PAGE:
Running for the hills in the GOP? Not quite

By Robert Presser on January 29, 2018

All the US administration’s 2018 optimism seems to have vanished in the face of Wolff’s inside look at the Trump White House, Fire and Fury, coupled with the threat of a new round of indictments from the Mueller enquiry that target more insiders.  No worry, Trump is telling us that he can take the heat, and that he is prepared to take the heat for everyone involved.  Fear not, skittish Republicans, Trump has your back!

With the mid-term House and Senate elections coming up in November 2018, incumbent Republicans must make two major related decisions.  First, do they seek re-election, and if so, do they seek an endorsement from the Trump White House.  Some long-time senators like Orrin Hatch of Utah, 84 years old, have decided to retire (understandable) but other younger, more vigorous politicians who have decided that they can no longer subject themselves to the hyper-partisanship and derision of Congress and are liberating seats for newcomers.  So far, 20 Republicans have announced that they will not seek re-election as of this date, including three important Senators – Jeff Flake, Bob Corker and Hatch.  More should be expected as contested re-nominations emerge from Steve-Bannon inspired insurgent conservative forces who will target remaining Republican moderates.

Trump has signalled that he will assist incumbents, a position made easier for the White House since his very public split with Bannon over the Michael Wolff book.   However, taking an endorsement from Trump can either help or hinder depending on what state and which district an incumbent represents.  There are urban/suburban Republicans who are in jeopardy because Trump’s overall national approval ratings are stuck in the mid-30’s, and that support is skewed to rural, predominantly white red-state areas of the country.  If you are a blue-state Republican (hello, Peter King, NY 2nd District covering Nassau and Suffolk counties) you are going to have a lot of ‘splainin’ to do in front of your affluent, progressive suburban voter base.

Can candidates who take a Trump endorsement run on his accomplishments?  Oh, you can’t remember any of them?  If you look past the Twitter-fed cacophony of virulent anti-Trump sentiment in the media, he is moving forward on many of his election planks, even those that seemed to have been defeated, like the repeal of Obamacare.  What Trump and his team could not achieve via an act of Congress he is working on chipping away at bit by bit by removing the mandates imposed on the states by the original Affordable Care Act.  Obamacare will be gutted slowly under the excuse that the insurance markets are failing in any case and the estimated 10 million Americans who will lose their coverage would have lost it in any case due to a lack of affordability.  Internationally, he is taking on North Korea with his Bigger Button (my capitalization, not yet a formal technical term), calling out Pakistan for taking US strategic aid and continuing to harbor radical Islamic elements within its borders, he facilitated a rapprochement between Saudi Arabia and Israel to foster Iranian containment, and got the Western Europeans to realize that they had better start to pay for their own defence.  The Mexican Wall prototypes are standing,and Trump is trying to do a deal on DACA (immigration reform) that couples that file to funding the construction phase.  NAFTA looks almost certain to fail, Mexico will get shut out and Trump will push Trudeau into a reconstituted Canada-US free trade agreement that creates pockets of preferential treatment for US industry.  Also, the oil sector is salivating over the loosening of offshore drilling in California and Alaska.  Need I mention the most massive tax reform package since 1986?  These are significant accomplishments for any administration, and are astounding for one that is beset with resignations and accusations of treasonous collusion with the Russians.  Behind the Trump Twitterverse, the professional minions have been busy dismantling the Obama legacy.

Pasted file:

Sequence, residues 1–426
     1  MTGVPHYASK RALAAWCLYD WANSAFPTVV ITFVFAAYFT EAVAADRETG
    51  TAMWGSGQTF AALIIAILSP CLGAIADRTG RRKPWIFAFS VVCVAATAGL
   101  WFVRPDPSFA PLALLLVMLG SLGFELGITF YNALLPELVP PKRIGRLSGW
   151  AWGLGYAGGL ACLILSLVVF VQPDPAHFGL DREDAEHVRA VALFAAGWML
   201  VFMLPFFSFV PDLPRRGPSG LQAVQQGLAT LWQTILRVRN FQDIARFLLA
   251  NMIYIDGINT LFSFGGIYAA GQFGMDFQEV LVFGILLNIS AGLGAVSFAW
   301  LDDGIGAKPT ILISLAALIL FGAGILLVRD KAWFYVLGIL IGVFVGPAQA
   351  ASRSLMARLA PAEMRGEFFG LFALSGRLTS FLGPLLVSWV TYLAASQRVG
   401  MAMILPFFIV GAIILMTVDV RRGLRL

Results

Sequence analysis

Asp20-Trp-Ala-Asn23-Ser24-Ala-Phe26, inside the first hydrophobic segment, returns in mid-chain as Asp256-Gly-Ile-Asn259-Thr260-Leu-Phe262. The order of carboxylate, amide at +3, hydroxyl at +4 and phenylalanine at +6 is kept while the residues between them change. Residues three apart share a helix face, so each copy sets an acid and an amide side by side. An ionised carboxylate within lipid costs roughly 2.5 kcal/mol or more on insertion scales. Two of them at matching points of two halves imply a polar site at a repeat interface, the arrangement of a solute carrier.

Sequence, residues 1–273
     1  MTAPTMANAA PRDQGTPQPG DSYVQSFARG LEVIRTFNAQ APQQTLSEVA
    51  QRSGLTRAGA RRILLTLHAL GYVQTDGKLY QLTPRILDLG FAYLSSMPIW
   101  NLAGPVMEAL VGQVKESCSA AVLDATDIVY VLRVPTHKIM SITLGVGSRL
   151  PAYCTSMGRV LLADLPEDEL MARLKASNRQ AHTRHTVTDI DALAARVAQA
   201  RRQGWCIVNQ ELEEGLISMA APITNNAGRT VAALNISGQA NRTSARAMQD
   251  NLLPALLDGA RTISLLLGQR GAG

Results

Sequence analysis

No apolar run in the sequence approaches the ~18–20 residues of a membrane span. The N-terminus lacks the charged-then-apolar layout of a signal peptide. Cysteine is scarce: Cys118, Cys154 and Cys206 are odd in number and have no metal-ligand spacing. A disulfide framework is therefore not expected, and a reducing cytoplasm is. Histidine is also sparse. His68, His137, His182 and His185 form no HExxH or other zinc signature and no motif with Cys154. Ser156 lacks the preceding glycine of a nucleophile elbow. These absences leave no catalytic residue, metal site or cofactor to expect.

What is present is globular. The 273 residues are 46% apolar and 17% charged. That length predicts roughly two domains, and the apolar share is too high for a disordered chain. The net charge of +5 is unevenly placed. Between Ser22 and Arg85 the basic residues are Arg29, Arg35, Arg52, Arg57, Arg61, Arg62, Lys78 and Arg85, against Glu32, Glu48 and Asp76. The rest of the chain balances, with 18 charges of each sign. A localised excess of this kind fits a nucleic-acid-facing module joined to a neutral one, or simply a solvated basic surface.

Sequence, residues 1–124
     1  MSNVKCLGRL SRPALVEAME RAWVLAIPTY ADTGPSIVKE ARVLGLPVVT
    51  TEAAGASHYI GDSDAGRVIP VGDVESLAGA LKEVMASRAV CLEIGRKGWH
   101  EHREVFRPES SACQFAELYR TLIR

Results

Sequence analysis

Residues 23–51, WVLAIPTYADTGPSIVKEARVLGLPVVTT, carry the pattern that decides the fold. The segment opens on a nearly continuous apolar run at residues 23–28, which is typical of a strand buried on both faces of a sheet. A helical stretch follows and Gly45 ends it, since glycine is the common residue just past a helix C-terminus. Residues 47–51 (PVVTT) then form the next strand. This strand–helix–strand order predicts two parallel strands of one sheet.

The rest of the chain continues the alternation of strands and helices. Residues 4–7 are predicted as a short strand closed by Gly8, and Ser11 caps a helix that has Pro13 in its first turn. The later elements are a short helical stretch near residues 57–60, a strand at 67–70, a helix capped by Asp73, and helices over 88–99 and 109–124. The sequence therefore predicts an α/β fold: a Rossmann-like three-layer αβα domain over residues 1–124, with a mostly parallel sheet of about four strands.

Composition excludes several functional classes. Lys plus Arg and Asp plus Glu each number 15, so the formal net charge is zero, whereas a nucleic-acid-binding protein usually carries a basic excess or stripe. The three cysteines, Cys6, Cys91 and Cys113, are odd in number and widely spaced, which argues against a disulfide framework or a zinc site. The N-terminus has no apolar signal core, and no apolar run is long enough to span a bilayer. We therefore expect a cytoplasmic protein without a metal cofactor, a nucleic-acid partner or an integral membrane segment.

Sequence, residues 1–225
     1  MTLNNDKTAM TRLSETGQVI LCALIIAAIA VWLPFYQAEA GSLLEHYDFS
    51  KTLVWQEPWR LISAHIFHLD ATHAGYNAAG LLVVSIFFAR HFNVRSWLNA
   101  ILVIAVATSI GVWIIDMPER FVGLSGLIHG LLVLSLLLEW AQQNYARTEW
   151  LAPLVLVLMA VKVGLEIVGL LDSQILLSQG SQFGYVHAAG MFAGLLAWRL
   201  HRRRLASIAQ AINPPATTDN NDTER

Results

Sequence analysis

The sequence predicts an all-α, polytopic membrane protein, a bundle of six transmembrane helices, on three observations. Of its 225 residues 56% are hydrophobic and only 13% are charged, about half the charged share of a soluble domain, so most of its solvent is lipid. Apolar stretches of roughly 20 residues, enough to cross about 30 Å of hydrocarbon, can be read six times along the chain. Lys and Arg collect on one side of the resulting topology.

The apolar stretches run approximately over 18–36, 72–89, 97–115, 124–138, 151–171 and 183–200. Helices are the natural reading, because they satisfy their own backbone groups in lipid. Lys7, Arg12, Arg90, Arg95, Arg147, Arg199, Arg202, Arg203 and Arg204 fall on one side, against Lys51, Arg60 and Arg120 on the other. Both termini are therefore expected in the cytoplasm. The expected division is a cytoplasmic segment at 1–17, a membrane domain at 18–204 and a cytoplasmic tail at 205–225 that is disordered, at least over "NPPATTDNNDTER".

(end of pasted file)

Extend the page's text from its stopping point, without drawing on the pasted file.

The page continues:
The Democrats and their surrogates having been active on the political talk show circuit displaying giddy predictions of taking both the House (where they are down by 25 seats) and the Senate, where they only require two seats for control.  Still, the Democrats lack a comprehensive message to sell the electorate beyond their opposition to the Trump administration.  Perhaps Oprah, post Golden Globes adulation, can help them craft a package that will get progressive electors out to the voting booths the way they did in the presidential cycles of 2008 and 2012.  If the Democrats do not have a compelling national vision to offer then those very same voters who did not come out in 2016 will stay home once again, and the Republicans will retain control of the House and fate of the Senate is far from a foregone conclusion.

Clinton focused on “It’s the Economy, Stupid”, Obama focused on hope via “Yes We Can”, and Trump promised to “Make America Great Again.”  Short, digestible compelling messages.  Somehow, I think that “We’re Not Trump” is going to fall short.  If I were a Republican, I would take that Trump endorsement and sell his accomplishments to his voter base and get them to turn out, regardless of the hazards of the daily Twitter rambling.  At least Trump has something to sell, while the Democrats should borrow some orange cones from Montreal and get to work.


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